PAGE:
Carbis Bay

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Coordinates: 50°11′48″N 5°27′54″W / 50.19659°N 5.46505°W / 50.19659; -5.46505

Carbis Bay is located in Cornwall
Carbis Bay
Carbis Bay shown within Cornwall
Sketch map showing Carbis Bay within St Ives Bay
Beach at Carbis Bay with the Carbis Bay Hotel behind
Carbis Bay from St. Ives

Carbis Bay (Cornish: Porth reb Tor, meaning cove beside the eminence) is a seaside resort and village (Cornish: Karrbons, meaning causeway) in Cornwall, England, UK. It lies one mile southeast of St Ives, on the western coast of St Ives Bay, on the Atlantic coast.[1] The South West Coast Path passes above the beach.

Geography[edit]

Carbis Bay is almost contiguous with the town of St Ives and is in St Ives civil parish (part of the area served by St Ives Town Council), which encompasses St Ives, Carbis Bay, Lelant and Halsetown. The 2001 census gave the combined population of Carbis Bay and Lelant as 3,482.[2] Lelant, an older settlement which is one mile to the south-east, Carbis Bay and St Ives are linked by the A3074 road which joins the A30 at Rose-an-Grouse. Carbis Bay railway station, above the beach, is one of six railway stations on the St Ives Bay Line which joins the mainline at St Erth railway station, which is also at Rose-an-Grouse. St Erth station is the junction for the main line to London Paddington.[1]

Carbis Bay overlooks the small bay of the same name (part of St Ives Bay) which is bounded to the north by Porthminster Point and to the east by Hawk's Point and contains a popular family beach. Hawk's Point is within the Hayle Estuary and Carrack Gladden Site of Special Scientific Interest (SSSI) and in the Victorian era was known locally for its pleasure grounds. The garden had a tea house, grotto and was a venue for Sunday School outings, Band of Hope galas, etc.[3] By 1880 the proprietor, William Payne, claimed in an advertisement that it was ″the largest establishment of the kind in the West ...″.[4]

Mining[edit]

Wheal Providence mine in Carbis Bay is the type locality of the rare mineral Connellite.[5]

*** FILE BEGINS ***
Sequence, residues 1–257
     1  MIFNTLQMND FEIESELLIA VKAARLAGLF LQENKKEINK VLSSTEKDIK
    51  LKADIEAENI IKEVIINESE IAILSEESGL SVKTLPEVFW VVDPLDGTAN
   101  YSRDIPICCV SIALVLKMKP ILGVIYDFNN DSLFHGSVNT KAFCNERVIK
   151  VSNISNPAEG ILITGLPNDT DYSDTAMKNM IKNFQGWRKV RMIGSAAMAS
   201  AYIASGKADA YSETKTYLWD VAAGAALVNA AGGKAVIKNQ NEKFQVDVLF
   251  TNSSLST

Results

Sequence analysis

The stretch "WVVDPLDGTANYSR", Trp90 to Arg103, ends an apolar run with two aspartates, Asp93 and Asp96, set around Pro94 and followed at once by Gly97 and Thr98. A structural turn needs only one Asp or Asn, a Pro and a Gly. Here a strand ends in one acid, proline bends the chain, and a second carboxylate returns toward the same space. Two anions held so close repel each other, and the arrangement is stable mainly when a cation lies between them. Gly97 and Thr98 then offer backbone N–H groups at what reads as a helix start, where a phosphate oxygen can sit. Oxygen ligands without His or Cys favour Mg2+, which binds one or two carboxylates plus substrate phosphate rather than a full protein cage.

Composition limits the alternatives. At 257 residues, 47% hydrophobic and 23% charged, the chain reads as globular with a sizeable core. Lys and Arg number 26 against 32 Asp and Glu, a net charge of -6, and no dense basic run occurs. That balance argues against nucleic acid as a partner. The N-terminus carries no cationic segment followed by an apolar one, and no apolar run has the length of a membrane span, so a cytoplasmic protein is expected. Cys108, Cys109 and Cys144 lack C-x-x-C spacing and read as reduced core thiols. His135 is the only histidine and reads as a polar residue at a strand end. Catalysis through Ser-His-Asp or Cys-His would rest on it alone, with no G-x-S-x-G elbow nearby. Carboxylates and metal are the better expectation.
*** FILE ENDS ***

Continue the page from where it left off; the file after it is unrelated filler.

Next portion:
Notable structures[edit]

Carbis Bay parish church

The parish church, which is dedicated to St Anta and All Saints, contains a peal of ten bells. This was the largest peal in a Cornish parish church until St Keverne's bells was increased to ten in 2001.[6] The Carbis Bay Hotel, on the seafront, was built in 1894 by Silvanus Trevail. Behind the village stands the Knill Monument, known locally as "The Steeple", a 50-foot (15 m) high monument to John Knill, a mayor of nearby St Ives during the 18th-century.

Schools[edit]

St Uny Primary School, a Church of England School voluntarily controlled by the Diocese of Truro, is situated in Carbis Bay.[7]

References[edit]

  1. ^ a b Land's End 102 Explorer (Map). Southampton: Ordnance Survey. 2015. ISBN 978 0 319 24304 6. 
  2. ^ Cornwall Population
  3. ^ "The Future (And Some Of The Present) Men And Women Of St Ives And Their Pastime". The Cornishman (60). 4 September 1879. p. 3. 
  4. ^ "Carbis Bay". The Cornishman (96). 13 May 1880. p. 2. 
  5. ^ "Wheal Providence, Providence Mines, Carbis Bay, Lelant, St Ives District, Cornwall, England, UK". Mindat.org. Retrieved 22 November 2016. 
  6. ^ Dove, R. H. (2012) A Bellringer's Guide to the Church Bells of Britain and Ringing Peals of the World, 10th ed. Guildford: Viggers
  7. ^ "St Uny School". Retrieved 21 March 2016. 

External links[edit]

Media related to Carbis Bay at Wikimedia Commons